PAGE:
Frederick Hurley

Also known as: Fred.

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Frederick Timothy Hurley
5 August 1920 - 11 April 2011

In remembering Fred, we thought it would be lovely to use the tribute given by his friend Eric Stratford at Fred’s thanksgiving, and the prayer we placed with his flowers. We all miss Fred and his dear wife Rene enormously, and are forever thankful for all the love, kindness, goodness and twinkly fun they brought to our lives, and to the lives of so many. Thank you Rene and Fred, we hold you in our hearts.

Fred was born in Clapham on 5 August 1920. His father was a tram driver and his mother was a cook in a big house.

Fred had two brothers and one sister but tragically all died young, the boys when very young and his sister at the age of 17. Fred was devastated.

Fred went to Haselrigge School in Clapham and left when he was 14. He was apprenticed at Moray Engineering and like most apprentices in those days was very soon introduced to the art of tea-making. One of the skills he learnt was how not to spill a tray of tea cups when knocking on the foreman’s door.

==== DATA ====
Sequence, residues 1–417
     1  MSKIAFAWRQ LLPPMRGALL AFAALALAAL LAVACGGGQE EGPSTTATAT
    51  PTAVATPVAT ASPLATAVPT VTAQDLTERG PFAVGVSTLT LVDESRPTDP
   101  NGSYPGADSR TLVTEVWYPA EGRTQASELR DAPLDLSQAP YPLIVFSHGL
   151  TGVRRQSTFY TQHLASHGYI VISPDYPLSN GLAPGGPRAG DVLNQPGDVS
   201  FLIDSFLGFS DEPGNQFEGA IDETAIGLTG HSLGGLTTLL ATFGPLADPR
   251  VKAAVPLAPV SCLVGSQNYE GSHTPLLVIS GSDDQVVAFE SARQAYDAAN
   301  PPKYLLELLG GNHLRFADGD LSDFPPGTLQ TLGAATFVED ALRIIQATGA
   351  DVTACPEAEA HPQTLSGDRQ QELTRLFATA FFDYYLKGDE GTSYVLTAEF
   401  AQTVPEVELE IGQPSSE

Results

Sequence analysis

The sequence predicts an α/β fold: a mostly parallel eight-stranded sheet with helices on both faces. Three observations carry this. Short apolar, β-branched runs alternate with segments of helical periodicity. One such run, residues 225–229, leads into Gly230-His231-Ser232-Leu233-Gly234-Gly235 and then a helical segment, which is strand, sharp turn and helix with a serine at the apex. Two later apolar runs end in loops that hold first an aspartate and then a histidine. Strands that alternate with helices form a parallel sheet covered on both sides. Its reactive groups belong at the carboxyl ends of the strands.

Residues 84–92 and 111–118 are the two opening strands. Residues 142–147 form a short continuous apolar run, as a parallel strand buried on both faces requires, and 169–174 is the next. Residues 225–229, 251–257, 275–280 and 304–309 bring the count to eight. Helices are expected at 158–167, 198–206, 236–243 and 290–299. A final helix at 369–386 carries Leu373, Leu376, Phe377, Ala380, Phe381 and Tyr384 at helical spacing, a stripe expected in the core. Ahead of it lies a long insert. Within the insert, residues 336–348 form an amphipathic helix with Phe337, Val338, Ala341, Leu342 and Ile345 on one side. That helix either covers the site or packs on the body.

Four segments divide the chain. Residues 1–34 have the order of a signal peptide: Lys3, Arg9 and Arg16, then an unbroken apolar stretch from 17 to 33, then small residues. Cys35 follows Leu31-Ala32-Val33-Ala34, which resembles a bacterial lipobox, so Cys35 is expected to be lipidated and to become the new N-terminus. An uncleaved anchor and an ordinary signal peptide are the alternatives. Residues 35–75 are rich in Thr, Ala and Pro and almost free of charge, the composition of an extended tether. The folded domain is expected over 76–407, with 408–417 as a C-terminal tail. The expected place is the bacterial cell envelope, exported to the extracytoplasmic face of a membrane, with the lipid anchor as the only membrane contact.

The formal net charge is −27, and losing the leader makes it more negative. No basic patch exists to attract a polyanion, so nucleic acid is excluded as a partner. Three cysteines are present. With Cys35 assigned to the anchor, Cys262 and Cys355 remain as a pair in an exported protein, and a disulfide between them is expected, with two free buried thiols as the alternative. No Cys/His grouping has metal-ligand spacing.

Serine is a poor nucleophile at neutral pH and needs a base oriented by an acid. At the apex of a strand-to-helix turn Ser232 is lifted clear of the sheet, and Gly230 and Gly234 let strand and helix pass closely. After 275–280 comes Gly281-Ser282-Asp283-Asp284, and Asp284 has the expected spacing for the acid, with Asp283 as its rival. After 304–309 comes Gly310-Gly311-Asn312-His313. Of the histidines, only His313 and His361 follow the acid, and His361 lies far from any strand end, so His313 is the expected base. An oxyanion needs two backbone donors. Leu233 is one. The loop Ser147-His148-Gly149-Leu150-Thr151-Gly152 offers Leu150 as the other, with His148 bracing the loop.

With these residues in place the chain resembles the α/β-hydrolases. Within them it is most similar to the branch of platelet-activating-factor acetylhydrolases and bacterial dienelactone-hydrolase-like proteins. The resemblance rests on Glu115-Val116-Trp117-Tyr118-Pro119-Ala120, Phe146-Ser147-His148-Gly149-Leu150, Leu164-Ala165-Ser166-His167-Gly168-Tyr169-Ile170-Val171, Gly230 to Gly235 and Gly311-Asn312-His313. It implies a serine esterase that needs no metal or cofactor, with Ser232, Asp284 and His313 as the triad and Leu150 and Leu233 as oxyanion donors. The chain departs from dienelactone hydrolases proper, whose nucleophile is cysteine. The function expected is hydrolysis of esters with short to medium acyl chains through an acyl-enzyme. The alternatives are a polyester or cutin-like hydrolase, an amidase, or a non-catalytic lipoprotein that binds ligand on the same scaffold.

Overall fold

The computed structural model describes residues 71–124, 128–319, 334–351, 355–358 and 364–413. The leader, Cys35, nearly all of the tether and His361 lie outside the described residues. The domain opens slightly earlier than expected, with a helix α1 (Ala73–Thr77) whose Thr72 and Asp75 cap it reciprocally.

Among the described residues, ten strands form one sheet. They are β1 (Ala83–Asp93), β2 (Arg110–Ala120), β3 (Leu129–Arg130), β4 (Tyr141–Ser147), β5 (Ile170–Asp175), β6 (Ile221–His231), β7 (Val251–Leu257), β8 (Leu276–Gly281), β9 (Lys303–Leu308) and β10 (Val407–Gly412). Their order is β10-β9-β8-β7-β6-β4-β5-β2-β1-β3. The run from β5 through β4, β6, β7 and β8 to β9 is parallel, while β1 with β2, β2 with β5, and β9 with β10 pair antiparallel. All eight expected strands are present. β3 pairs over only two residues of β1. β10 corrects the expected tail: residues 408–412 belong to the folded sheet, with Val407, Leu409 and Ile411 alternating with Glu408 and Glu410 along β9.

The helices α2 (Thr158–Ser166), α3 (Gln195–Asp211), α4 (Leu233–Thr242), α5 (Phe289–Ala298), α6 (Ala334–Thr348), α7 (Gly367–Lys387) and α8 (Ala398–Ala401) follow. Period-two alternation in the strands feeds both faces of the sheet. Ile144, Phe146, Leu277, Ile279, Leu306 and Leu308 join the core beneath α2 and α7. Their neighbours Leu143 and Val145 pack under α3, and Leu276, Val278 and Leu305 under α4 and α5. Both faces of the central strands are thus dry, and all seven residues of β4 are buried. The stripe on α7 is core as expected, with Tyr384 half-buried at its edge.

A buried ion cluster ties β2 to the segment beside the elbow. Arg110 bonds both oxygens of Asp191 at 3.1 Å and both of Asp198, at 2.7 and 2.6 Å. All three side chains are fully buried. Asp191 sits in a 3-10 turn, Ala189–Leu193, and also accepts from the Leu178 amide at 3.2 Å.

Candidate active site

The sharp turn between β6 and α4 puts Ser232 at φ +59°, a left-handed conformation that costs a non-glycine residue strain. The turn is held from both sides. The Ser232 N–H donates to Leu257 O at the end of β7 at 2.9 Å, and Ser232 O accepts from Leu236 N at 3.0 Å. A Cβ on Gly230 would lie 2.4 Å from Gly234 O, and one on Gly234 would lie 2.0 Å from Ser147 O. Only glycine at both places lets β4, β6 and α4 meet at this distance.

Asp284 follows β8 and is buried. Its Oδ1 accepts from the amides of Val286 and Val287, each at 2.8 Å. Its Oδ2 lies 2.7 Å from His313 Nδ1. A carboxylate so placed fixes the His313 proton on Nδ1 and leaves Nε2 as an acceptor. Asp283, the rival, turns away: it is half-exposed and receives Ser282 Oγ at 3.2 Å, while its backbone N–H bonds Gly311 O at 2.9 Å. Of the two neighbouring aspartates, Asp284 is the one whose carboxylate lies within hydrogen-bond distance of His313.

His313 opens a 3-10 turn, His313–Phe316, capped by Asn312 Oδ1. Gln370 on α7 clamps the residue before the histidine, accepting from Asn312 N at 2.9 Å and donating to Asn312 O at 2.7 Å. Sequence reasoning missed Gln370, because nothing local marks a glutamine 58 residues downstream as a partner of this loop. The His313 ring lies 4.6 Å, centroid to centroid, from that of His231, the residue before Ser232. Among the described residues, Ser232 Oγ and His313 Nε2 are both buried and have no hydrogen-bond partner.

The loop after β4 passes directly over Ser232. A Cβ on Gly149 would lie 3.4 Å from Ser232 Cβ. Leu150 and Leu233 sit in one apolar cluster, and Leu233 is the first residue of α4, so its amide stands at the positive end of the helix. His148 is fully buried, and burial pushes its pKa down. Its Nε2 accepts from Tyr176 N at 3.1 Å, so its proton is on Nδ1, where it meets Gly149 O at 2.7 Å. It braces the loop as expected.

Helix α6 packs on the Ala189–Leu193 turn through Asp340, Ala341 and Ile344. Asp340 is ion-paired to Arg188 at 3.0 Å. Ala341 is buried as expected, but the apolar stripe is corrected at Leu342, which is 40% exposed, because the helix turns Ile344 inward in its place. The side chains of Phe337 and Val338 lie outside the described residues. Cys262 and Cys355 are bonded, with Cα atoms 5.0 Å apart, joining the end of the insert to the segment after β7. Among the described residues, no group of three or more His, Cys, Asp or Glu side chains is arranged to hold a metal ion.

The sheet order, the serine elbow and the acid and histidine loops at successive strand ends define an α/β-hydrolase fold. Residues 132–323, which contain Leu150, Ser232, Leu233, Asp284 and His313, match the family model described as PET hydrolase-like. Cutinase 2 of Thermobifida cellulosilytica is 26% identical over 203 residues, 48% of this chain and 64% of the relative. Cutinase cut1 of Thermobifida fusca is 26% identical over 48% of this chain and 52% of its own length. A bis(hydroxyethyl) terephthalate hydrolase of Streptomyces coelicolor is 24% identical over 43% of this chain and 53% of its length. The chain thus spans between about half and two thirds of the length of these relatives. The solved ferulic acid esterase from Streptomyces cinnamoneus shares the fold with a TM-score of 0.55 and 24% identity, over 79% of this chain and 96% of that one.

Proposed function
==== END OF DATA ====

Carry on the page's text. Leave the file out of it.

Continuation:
When Moray Engineering moved away from Clapham, Fred found another job with an engineering firm in Brixton making aircraft parts for Hurricanes and Spitfires.

Fred’s service life began when he joined the RAF on 1 May 1941 as an aircraft engine fitter. His basic training was done at Blackpool where their drill and physical training were carried out on the promenade, much to the amusement of the holiday makers. Already a skilled fitter, Fred attended an aircraft engine course at Lytham St Anns. On completion of this he was posted to 608 Auxiliary Squadron, servicing Lockheed Hudson planes of Coastal Command.

Following this, Fred was sent to Wick in the north of Scotland. Wick was dry, no pubs but the friendly locals would invite them to their houses where there was always a bottle of beer to be had. Fred then went to the Shetlands where he celebrated his 21st birthday for which his mother had made a rich fruit cake which Fred shared with his mates.

Fred went to French North Africa in November 1942 as part of the invasion force, Operation Torch. He was with 111 RSU, a recovery and salvage unit whose job it was to recover or salvage crashed aircraft. Where recovery was not possible, everything reusable was dismantled and retained for further use.

Fred’s travels took him from Bizerte in Tunis eastwards along the coast then to Sicily, Sardinia, Corsica and then mainland Italy. He was stationed near Naples just below Vesuvius on the Alfa Romeo test track. He was moving up to Rome when the war in Europe came to an end.